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MODULE OF INSTRUCTION______________________________NSCI-6100 PHYSICS FOR ENGINEERS 1

Non-Concurrent Forces
Course Learning Outcomes:
By the end of the module, students are able to:

1. Define the non-concurrent forces;

2. Learn the number of ways in which could help resolve different force
system; and
3. Get the resultant in terms of; (1) magnitude, (2) inclination, (3)
Non-Concurrent Forces is defined as the forces which lies in the line of
activity but do not intersect or forms a parallel at a common point. These
forces are the general system of forces.
The resultant of non-concurrent force system is defined according to
magnitude, inclination and position.
The magnitude of the resultant can be found as follows:

The inclination from the horizontal is defined by:

The position of the resultant can be determined according to the principles

of moments.

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MODULE OF INSTRUCTION______________________________NSCI-6100 PHYSICS FOR ENGINEERS 1

The principles of equilibrium are also used to determine the resultant of non-
parallel, non-concurrent systems of forces. Simply put, all of the lines of
action of the forces in this system do not meet at one point. The parallel force
system was a special case of this type. Since all of these forces are not entirely
parallel, the position of the resultant can be established using the graphical
or algebraic methods.
There are a number of ways in which one could resolve the force system that
is shown. One graphical method would be to resolve a pair of forces using
the parallelogram or triangle method into a resultant. The resultant would
then be combined with one of the remaining forces and a new resultant
determined, and so on until all of the forces had been accounted for.

This could prove to be very cumbersome if there is a great number of forces.

The algebraic solution to this system would potentially be simpler if the
forces that are applied to the system are easy to break into components.
The algebraic resolution of this force system is illustrated in the example
Problem 1:
Given: the system of forces

Determine: the resultant by an algebraic method (first its magnitude, and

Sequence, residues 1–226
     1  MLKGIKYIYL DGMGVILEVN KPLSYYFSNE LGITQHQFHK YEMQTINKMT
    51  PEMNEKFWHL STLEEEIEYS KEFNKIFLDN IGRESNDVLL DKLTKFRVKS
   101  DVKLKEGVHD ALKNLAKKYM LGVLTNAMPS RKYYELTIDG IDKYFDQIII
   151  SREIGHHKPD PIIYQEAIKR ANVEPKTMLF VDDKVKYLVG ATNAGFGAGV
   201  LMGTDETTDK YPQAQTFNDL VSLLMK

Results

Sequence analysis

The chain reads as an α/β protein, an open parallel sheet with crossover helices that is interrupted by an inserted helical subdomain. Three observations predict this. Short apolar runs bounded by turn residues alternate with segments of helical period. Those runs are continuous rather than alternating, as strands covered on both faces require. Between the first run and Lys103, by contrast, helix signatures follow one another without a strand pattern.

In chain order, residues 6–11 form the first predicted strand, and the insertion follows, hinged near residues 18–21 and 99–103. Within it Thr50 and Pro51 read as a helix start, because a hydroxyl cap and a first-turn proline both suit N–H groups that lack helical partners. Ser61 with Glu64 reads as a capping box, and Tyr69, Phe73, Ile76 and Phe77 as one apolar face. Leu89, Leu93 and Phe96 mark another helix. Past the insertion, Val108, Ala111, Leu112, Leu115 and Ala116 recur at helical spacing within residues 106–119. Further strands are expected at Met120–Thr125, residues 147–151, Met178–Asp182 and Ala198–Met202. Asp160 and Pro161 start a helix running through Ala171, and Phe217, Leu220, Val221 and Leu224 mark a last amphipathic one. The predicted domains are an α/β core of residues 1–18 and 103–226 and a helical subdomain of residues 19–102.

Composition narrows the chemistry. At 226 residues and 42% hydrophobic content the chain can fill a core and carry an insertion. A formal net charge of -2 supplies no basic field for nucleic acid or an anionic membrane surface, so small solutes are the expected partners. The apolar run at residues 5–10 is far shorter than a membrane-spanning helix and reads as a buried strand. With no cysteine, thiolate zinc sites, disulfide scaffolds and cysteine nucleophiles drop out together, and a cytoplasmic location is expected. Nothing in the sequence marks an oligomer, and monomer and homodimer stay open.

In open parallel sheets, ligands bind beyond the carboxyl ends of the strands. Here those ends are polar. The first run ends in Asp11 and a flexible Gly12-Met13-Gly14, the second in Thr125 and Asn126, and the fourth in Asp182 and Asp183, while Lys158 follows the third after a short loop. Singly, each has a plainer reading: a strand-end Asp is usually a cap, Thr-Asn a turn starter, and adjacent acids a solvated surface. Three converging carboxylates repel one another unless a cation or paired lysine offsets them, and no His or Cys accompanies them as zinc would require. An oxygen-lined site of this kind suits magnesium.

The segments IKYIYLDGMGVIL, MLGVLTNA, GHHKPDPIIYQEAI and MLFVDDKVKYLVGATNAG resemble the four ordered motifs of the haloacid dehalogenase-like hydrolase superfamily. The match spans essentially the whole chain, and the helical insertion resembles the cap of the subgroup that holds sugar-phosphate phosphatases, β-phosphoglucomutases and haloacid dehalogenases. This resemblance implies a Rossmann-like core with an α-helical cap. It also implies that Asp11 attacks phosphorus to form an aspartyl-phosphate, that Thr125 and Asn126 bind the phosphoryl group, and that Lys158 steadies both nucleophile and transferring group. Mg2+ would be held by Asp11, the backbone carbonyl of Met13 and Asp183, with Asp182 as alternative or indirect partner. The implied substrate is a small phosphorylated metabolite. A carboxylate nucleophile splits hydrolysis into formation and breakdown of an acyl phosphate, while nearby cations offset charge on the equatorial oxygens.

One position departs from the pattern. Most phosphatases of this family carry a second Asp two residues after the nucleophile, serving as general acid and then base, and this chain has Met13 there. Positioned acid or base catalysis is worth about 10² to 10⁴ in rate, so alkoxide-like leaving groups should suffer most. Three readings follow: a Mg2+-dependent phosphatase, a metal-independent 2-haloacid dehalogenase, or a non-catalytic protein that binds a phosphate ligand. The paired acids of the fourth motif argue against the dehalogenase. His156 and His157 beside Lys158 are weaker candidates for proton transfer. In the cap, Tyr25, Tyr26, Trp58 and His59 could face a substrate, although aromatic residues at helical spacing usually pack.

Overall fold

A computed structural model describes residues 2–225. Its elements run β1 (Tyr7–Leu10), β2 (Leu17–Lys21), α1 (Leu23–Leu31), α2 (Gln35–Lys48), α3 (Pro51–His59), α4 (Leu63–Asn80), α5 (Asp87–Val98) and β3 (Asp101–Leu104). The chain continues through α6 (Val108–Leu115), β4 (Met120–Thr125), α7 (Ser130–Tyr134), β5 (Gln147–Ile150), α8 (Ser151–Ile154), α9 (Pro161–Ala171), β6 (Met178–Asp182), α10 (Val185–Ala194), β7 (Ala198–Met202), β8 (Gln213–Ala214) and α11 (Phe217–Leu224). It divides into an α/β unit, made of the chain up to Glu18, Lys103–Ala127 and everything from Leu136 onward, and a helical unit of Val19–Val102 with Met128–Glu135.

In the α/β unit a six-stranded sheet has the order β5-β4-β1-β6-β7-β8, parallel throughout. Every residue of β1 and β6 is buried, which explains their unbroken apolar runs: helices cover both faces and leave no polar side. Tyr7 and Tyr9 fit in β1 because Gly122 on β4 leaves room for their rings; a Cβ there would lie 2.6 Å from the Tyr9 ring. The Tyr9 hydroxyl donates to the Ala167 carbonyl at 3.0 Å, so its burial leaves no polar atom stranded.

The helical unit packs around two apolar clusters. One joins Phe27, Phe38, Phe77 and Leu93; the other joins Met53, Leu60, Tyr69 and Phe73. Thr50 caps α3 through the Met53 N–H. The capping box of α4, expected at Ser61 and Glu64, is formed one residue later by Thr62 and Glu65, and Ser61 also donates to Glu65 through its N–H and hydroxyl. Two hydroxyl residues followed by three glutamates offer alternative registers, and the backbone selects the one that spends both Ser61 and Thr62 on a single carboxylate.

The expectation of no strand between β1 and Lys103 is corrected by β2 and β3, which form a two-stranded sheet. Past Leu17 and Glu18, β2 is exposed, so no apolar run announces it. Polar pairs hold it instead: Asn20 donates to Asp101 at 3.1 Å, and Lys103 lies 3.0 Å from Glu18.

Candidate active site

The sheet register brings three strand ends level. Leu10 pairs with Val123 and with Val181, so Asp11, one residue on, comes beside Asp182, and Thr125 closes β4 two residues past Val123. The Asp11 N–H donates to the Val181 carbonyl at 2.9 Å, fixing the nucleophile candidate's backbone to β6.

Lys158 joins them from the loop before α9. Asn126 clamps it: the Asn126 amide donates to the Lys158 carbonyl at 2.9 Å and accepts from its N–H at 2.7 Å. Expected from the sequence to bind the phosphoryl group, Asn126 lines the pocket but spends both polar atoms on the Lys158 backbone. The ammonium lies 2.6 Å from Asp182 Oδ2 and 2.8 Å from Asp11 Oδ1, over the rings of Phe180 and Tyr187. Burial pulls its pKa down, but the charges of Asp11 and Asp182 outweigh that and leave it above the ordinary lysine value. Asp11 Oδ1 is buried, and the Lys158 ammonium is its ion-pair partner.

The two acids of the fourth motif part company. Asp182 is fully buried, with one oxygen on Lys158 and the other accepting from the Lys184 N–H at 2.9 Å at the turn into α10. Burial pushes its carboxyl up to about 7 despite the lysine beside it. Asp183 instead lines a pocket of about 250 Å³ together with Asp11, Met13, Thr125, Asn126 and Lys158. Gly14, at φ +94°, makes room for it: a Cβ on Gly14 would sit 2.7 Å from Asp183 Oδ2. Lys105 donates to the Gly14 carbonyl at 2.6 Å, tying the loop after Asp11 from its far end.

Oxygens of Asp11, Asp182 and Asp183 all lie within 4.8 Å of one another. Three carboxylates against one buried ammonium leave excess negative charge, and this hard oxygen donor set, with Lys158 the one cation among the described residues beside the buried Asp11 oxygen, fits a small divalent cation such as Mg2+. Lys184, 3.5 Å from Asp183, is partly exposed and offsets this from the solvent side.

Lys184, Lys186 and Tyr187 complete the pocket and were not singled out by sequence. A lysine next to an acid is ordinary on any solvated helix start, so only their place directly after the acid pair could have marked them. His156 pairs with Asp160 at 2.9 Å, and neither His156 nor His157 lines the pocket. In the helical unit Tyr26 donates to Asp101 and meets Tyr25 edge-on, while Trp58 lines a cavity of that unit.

then the point on its line of action where it meets the crooked arm)

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MODULE OF INSTRUCTION______________________________NSCI-6100 PHYSICS FOR ENGINEERS 1

The first step is to determine a convenient location for the center moments.
This point should be chosen with care since it can make the problem much
easier if correctly chosen. Assume that point A shall be taken as the center of
moments. Next, inspect the forces in order to find any that must be
decomposed into their components. Only the 50-pound force must be
decomposed into its orthogonal components. It has a line of action that is a
3-4-5 triangle. This can be clearly seen by observation. Thus, the components are
Fx = 30 pounds and Fy = 40 pounds.

Next, find the magnitude and direction of the resultant by summing the
moments of the forces and/or their components.
Sum Fx = 100pounds + 30pounds = 130pounds
Sum Fy = -80pounds – 60pounds + 40pounds = -100pounds
F = SQRT((130pounds) ^2 + (-100pounds^2)) = 164pounds

Next, the direction must be determined.

Tan ∅ = -(100/130), so ∅ = 37.6degrees below x axis and to the right
Then, sum of the moments around point A to find the location of the
resultant. Assume that the resultant acts along the long side of the crooked
arm so that Fx will cause a zero moment.
Sum MA
(100pounds) (x ft) = (100pounds) (2ft) + (80pounds) (3ft) + (60pounds) (6ft) –
(40pounds) (9ft)
100x pound-ft = 200 pound-ft + 240 pound-ft + 360 pound-ft – 360 pound-ft
100x pound-ft = 440 pound-ft

x = 4.4 feet
Therefore, the resultant equals 164 pounds acting 37.4 degrees below the x
axis, down and to the right at a point 4.4 feet to the right of point A.

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MODULE OF INSTRUCTION______________________________NSCI-6100 PHYSICS FOR ENGINEERS 1

Problem 2:
Determine completely the resultant of the forces acting on the step fully
shown in the Figure.

𝑅𝑥 = ∑𝐹𝑥 𝑡𝑎𝑛𝜃𝑥 = 𝑅𝑦
𝑅𝑥 = 750sin60° + 250 875
𝑡𝑎𝑛𝜃𝑥 = 899.52
𝑅𝑥 = 899.52 lb to the right
𝜃 = 44.21°
𝑅𝑦 = ∑𝐹𝑦
𝑀𝑎𝑥𝑙𝑒 = ∑𝑀𝑐𝑒𝑛𝑡𝑒𝑟
𝑅𝑦 = 750sin60° - 1250
𝑀𝑎𝑥𝑙𝑒 = 250(1.25) + 1250(0.5) –
𝑅𝑦 = -875 lb 750(1.25)
𝑅𝑦 = 875 lb downward 𝑀𝑎𝑥𝑙𝑒 = 0
R = √𝑅𝑥 2 + 𝑅𝑦 2

R = √899.522 + 8752 Thus R = 1254.89 lb downward to

the right at 𝜃x = 44.21° and
R = 1254.89 lb passes through the axle

A Committee on Physics (1962). College Physics. Published by Royal Publishing
House INC., Quezon City, Philippines.
Weber et al. College Physics, Fifth Edition. McGraw-Hill Book Company, New
York St. Louis San Francisco.
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